Will heavy metal ever really die? Not on Night Demon‘s watch, that’s for sure. Stalwart defenders of the faith to a man, the California trio have been keeping the New Wave of Traditional Heavy Metal fires burning for the last decade come hell or high water. What we get out of the deal this time around is “Outsider”, the band’s third attempt at keeping the spirit alive since their last all-original release in 2017. Expecting a great sense of change wouldn’t ordinarily seem counterintuitive, given the length of time. but Night Demon are in no mood to rock the boat.
From the off, the album is packed with little nods and homages to their forebearers; a maidens-style breakdown in “Escape from Beyond” here, a Thin Lizzy-style shout in the fuzzy chug-a-long “Obsidian” there. This is “classic rock” in every sense of the phrase, replete with galloping drum lines and cuttingly clean vocal wailing. Even the sections that run much lower and slower, like the doom-meets-Deep Purple Beyond the Grave era Black Sabbathall ends up.
But none of it feels like mere aping for the sake of trying to “be” the bands they idolize, more carrying that sound forward into the modern day out of a sense of purpose, or pride. Take rebirth, a mish-mash of at least four distinct 80s metal heroes that aptly coalesce into a new, cohesive phoenix that feels notably new. As closely as it sticks to the traditions that inspired it, it’s clear that outsider is attempting to reach beyond those works as well. Not in the sense of truly re-inventing the wheel – nothing here really falls outside the bounds of what you’ve already heard for the last four or five decades – but more in the sense that Night Demon also want to leave their mark on the genre.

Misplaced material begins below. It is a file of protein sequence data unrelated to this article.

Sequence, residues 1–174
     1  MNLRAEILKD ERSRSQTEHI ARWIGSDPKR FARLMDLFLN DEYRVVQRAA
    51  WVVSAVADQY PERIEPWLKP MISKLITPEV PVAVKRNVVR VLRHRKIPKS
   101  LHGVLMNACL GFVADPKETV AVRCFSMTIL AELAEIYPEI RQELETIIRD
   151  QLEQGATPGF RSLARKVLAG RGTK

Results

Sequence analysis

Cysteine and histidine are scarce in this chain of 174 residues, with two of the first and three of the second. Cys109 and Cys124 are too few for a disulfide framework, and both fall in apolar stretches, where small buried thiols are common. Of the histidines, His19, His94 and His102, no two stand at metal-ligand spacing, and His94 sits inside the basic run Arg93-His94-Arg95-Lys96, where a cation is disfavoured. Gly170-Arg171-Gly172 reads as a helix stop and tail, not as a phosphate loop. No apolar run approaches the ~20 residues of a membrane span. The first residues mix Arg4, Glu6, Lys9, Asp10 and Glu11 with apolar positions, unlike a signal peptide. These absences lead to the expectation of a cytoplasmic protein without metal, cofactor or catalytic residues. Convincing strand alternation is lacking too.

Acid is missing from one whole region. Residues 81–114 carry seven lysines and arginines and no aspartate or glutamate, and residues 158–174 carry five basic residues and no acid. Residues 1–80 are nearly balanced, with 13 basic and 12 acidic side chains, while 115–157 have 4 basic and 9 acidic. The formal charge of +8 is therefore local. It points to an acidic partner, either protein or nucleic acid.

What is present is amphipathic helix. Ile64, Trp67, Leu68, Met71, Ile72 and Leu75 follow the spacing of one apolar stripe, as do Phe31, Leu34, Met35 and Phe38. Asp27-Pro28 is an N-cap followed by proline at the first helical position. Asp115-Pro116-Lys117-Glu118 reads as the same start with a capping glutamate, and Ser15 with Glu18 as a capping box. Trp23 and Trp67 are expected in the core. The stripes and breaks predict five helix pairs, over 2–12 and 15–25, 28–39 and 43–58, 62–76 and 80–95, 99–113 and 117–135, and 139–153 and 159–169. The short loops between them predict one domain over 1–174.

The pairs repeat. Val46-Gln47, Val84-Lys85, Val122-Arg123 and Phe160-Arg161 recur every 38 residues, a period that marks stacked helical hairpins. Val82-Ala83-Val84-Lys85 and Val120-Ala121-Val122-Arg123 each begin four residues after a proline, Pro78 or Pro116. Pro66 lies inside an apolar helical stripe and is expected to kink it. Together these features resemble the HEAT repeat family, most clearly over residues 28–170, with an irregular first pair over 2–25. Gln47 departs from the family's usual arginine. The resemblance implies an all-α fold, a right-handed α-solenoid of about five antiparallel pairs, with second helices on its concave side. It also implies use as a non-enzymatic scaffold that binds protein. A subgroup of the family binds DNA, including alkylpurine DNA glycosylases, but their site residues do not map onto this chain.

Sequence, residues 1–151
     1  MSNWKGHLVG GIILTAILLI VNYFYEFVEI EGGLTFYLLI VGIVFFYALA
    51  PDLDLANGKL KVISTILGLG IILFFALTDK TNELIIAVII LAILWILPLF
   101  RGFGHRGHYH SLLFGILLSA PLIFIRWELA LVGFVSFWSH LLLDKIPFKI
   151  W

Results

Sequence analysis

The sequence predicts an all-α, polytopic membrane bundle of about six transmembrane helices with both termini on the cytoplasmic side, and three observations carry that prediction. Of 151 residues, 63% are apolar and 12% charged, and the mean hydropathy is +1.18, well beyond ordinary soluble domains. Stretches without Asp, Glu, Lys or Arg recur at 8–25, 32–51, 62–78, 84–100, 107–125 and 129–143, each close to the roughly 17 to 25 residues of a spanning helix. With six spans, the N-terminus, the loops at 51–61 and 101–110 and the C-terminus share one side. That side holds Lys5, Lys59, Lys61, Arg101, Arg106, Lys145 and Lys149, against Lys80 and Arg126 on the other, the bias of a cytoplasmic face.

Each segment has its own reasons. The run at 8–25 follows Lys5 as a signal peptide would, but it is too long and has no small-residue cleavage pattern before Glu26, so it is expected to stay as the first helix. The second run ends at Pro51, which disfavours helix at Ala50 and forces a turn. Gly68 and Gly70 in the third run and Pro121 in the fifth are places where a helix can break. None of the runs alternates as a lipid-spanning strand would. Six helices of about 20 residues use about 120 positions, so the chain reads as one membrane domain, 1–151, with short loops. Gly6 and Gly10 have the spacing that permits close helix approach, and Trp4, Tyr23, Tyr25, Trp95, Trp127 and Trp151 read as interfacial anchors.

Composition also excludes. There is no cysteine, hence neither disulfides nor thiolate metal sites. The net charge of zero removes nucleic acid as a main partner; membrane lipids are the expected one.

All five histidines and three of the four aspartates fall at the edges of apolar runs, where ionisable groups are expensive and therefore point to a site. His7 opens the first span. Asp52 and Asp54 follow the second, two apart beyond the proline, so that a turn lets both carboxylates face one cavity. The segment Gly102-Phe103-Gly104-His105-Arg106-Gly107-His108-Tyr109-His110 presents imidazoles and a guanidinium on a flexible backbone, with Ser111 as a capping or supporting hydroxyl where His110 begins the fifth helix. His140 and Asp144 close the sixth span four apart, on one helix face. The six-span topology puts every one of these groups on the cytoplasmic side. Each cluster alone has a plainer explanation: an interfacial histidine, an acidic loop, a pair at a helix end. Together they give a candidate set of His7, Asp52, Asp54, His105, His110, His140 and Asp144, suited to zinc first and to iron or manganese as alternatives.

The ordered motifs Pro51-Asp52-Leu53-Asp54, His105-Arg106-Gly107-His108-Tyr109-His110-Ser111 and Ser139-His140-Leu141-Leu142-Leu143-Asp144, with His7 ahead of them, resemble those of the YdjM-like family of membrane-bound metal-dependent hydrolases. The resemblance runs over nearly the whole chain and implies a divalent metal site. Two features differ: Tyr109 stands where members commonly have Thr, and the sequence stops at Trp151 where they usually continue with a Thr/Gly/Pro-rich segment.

In that sense, the title track infuses a rough and ready sensibility to what might otherwise have been a galloping if not fairly sterile affair and elevates it as a result, while experimental closer “The Wrath” almost feels out of place due to the much heavier influence of Night Demon‘s personal preferences splitting up the distinct sections. Again, this is no bad thing – the talent of the band could have supported whatever style they wanted to put out. It keeps things fresh while hinting at any number of directions they could move in, should the NWOTHM angle run its course.
Given the passion on display for the glory days, however, methinks Night Demon are on course to creating the best version of it they possibly can; if you literally need heavy metal to live, then outsider might be immortality on tap. It’s a no-fuss, no-mess motorcycle ride along the highway of heavy metal history, blaring anthemic earworms and fist-pumping choruses all the way down. While that highway might be a straight and fairly unchallenging one, Night Demon have still captured and recreated that sensation of past metal glories as close to truly as possible while implementing their personal touches.